Every year the Global Initiative for Asthma (GINA) organises World Asthma Day. The aim of this awareness day is to reduce asthma prevalence, morbidity and mortality in every corner of the globe. Their first awareness day was held in 1998. And so this year they are celebrating the 20th annual World Asthma Day. And every year they have a theme. The theme for 2018 is “Never too early, never too late. It’s always the right time to address airways disease.”
World Asthma Day 2018
This year’s theme asks both patients and healthcare providers to evaluate asthma symptoms, regardless of the time in that person’s life. In addition, they ask for actions to be taken to ensure a person's asthma is controlled. For example, writing an Asthma Plan that contains all you need to help control your asthma, such as a list of asthma triggers, is a core part of asthma management.
There are many things that may trigger an asthma attack. In fact, anything that irritates the airways and sets off symptoms is considered an asthma trigger. Exercise is one such trigger. Yet evidence shows that people with asthma will benefit from exercise. In fact, there are many world-class athletes, including Paula Radcliffe MBE, that have asthma.
Asthma and exercise
As long as your asthma symptoms are under control then asthma shouldn’t stop you from enjoying these benefits of exercise:
- Boosts the immune system, reducing the possibility of coughs and colds triggering symptoms
- Increases bone and muscle strength
- Improves overall health
- Improves how well the lungs work, reducing the feeling of being breathless
The National Heart, Lung and Blood Institute explain that asthma is a long-term disease that requires managing. And because there is no cure, the purpose of asthma treatment is to control the disease. This includes two types of medicines:
- Long-term control medicines - these help reduce airway inflammation and prevent asthma symptoms.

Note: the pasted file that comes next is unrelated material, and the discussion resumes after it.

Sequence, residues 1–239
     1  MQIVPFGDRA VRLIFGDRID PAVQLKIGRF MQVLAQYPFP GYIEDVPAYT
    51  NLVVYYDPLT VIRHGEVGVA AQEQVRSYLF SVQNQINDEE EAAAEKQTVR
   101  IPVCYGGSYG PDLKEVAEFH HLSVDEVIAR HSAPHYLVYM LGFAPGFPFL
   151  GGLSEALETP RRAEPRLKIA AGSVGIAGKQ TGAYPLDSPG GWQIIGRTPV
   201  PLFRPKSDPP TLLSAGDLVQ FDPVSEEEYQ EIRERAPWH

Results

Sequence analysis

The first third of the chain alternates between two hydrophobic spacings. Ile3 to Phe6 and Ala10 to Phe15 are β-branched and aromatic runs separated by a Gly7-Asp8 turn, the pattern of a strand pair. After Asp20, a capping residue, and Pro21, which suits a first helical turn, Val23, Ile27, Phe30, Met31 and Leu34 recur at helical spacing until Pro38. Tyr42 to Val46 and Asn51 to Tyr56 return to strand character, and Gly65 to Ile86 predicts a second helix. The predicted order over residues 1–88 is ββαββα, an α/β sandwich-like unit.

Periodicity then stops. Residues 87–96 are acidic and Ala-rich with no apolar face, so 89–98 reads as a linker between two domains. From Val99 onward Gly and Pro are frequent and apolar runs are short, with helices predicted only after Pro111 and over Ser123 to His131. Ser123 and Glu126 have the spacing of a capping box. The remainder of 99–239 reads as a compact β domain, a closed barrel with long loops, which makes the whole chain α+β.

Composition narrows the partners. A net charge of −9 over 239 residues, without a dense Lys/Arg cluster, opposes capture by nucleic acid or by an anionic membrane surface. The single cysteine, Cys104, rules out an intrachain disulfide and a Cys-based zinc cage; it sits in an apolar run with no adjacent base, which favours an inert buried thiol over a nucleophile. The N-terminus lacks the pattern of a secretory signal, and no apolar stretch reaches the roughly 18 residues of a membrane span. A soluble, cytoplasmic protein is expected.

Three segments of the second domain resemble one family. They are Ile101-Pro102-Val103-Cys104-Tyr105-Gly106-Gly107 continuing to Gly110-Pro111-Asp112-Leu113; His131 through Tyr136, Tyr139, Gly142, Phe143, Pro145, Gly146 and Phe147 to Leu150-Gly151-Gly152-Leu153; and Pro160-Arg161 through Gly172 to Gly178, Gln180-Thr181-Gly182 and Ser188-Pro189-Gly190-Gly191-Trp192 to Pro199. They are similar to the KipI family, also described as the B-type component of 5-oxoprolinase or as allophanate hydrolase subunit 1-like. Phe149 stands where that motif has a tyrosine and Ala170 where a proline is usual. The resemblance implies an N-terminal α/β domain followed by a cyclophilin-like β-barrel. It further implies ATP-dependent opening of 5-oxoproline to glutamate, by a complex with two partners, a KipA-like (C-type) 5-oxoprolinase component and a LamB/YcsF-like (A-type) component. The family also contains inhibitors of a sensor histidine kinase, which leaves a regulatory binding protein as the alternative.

- Quick-relief, or 'rescue' medicines - these relieve asthma symptoms that have the potential to flare up.
However, there is also a drug-free therapy that is clinically proven to help reduce asthma symptoms - Inspiratory Muscle Training (IMT). Always speak to a medical professional about your medical issues or concerns first.
Natural asthma treatment without drugs
Inspiratory muscle training is a drug-free breathing training intervention for people with dyspnoea (difficult or laboured breathing). It’s not surprising, therefore, that clinical trials are unanimously supportive of IMT in the management of asthma.
In trials, patients with asthma experienced a reduction in their laboured breathing in as little as 3 weeks’ inspiratory muscle training. Furthermore, they felt improvements in their quality of life. In addition, longer-term observations following 3 weeks of IMT were also impressive:
- Reduces absence from school/work (by ~95%)
- Reduces the consumption of medication (by ~79%)
- Symptoms improve by up to 75%
WHO asthma statistics
- Asthma is a major noncommunicable disease
- Approximately 235 million people suffer from asthma (2017) which is common among children
- Medication can control asthma symptoms
- Asthma management helps people with asthma to enjoy a quality of life
- Many people have undiagnosed asthma